Basketball players

The 3 best basketball players in the 2022 draft

The Draft — the NBA’s next biggest event after the Finals — took place on June 23 in Brooklyn.

The rookie class of 2022 is strong, possibly the strongest in several years: a few guys with obvious superstar potential, a few with star potential and a few with elite role player potential .

Even though this year’s draft was quite unpredictable, more than six months ago there was a definite consensus among scouts and observers on the top three players – they are considered Jabari Smith, Chet Holmgren and Paolo Banquero – 3 very unfriendly players playing in the same position (heavy forward – tall). Their position in the big charts and fake drafts changed over time, but they always stayed in the top 3.

When the order of the selection teams became known, more or less, all draft analysts lined up this trio: Smith goes first to Orlando, Chet to Oklahoma and Paolo to Houston. The paradox is that despite such a clear distribution in all simulation projects, no one can say for sure which of the attacking trio is the best prospect and which is the worst. All observers have their preferences, but everyone understands that any player can be the best in the top 3. essayists have researched these basketball players to understand the potential of these basketball players.

Jabari Smith

A dimension attacker with a sniping and versatile defense

Nobody talked much about Smith, unlike Holmgren or Banquero, until a year ago, but the guy worked hard through the season and quickly rose to the top of the draft. He now has the best chance of leaving under the No. 1 pick.

Jabari is often compared to Rasheed Wallace, one of the best heavy hitters in history. A more modern comparison is Michael Porter, with a defense and no back problems.

Smith’s game has no major flaws but has pronounced elite-level skills – primarily shooting and defence. Jabari has amassed 44% from beyond the arc throughout the season on a large sample, throwing from receiving and driving. Because he combines size, jumping ability and technique, it’s extremely difficult for defenders to make it difficult for him to shoot, which means if he wants to shoot, he will, and in that respect he’s a lot like Durant or Porter.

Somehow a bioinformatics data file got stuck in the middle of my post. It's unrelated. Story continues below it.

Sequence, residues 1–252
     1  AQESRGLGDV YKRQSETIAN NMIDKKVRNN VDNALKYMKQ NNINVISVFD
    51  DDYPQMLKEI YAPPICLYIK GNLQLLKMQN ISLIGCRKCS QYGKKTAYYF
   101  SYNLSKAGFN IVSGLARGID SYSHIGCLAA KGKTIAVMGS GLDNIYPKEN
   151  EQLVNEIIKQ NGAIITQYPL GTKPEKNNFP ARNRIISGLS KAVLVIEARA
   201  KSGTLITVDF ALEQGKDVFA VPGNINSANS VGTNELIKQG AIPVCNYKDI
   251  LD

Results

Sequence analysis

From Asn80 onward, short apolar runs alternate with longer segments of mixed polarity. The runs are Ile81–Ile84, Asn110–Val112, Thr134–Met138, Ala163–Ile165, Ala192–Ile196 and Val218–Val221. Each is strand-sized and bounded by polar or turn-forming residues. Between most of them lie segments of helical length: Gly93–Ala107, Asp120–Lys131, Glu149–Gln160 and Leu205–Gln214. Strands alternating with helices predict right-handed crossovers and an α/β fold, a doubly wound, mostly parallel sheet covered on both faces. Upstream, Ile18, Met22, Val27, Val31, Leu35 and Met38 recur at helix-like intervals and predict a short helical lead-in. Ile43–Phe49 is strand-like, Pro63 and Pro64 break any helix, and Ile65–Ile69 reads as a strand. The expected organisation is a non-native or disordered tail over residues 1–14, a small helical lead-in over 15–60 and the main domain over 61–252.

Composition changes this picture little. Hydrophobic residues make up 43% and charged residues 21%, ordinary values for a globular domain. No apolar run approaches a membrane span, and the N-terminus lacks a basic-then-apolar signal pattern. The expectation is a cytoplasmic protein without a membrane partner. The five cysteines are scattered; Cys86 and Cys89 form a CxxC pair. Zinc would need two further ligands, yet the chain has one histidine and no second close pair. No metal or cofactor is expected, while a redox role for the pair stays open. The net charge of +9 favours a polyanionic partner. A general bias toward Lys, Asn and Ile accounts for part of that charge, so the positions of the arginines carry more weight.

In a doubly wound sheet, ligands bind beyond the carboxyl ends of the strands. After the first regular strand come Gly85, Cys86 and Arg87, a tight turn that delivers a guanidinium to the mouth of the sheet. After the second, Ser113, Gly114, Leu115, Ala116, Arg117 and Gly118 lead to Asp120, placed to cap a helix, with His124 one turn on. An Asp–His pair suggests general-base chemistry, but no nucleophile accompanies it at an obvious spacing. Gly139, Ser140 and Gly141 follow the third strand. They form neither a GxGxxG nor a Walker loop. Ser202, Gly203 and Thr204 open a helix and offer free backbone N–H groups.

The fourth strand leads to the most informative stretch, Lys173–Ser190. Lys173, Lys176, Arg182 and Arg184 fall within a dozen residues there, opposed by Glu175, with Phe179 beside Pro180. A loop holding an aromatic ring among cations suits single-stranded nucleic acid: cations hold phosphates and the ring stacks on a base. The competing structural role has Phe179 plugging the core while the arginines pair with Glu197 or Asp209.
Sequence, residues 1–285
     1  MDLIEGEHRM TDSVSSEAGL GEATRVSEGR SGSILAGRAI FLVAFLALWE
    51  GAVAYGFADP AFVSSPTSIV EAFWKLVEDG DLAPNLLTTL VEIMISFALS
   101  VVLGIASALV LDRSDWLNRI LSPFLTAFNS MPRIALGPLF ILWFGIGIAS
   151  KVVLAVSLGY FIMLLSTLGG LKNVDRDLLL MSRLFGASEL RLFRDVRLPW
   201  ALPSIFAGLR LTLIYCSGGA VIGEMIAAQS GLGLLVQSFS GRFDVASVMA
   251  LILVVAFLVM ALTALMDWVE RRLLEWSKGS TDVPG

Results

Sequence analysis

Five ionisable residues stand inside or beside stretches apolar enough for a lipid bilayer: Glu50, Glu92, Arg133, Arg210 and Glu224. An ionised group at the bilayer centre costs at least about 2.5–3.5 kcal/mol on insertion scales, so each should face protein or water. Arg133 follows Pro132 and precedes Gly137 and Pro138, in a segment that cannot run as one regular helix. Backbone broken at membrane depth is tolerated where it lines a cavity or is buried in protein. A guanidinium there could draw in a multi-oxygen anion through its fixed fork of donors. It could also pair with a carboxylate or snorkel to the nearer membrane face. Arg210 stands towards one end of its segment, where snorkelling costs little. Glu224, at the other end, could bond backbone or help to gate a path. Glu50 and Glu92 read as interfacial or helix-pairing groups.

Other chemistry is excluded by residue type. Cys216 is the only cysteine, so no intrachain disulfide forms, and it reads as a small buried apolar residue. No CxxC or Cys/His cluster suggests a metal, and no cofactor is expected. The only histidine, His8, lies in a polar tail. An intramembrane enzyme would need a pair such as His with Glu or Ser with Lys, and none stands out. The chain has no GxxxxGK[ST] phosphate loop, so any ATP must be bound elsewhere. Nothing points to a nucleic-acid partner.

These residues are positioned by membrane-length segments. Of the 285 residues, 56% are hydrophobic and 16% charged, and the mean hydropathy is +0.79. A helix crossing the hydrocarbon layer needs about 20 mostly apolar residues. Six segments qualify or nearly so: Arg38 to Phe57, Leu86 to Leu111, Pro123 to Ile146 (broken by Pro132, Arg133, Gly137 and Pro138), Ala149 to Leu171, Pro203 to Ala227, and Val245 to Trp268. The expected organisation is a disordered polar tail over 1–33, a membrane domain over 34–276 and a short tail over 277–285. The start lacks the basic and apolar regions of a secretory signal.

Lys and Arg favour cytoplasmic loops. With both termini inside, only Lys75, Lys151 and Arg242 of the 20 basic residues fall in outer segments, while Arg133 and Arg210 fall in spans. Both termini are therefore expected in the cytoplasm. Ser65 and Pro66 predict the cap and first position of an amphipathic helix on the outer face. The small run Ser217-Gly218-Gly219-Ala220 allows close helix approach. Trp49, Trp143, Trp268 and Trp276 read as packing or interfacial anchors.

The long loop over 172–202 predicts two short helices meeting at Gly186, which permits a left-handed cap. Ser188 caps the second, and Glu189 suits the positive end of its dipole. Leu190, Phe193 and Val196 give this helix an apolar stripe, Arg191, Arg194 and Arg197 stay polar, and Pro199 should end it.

I wouldn’t say Smith can be considered a terrific defender yet, but the potential is cosmic. The dude combines height (he’s 6’10”), a powerful frame, mobility in his legs, active hands, diligence and energy – this set allows him to play against players at any Which is why his size and versatility, the things the league values ​​the most right now, make him one of the most promising young guards in the NBA.

Some might wonder, “So he’s just an elite 3&D player?”

Not really – Jabari can play with the ball in his hands, has the passing game and can create his shot, but he’s still quite limited in that role – which is seen as his main weakness. Nobody understands how good he can be as a first star with the ball in his hands, but what matters:

It’s going to be a classy second option anyway. There are no red flags in his game – no gameplay elements he couldn’t do at all or would be terribly bad at – he’s just playing more of a shooter role for now.

Chet Holmgren

Seven feet, an elite rim protector with quick feet in defense and manual skills in attack

Chet is a unicorn, which makes him unique and at the same time intimidating in his uncertainty.

He’s a huge, skinny kid who looks like the size of Kevin Durant but has played big his entire career. His attacking arsenal is huge: he shoots 41% from three, can carry the ball, assist, plays the ball well and is elite in the paint – almost 80%.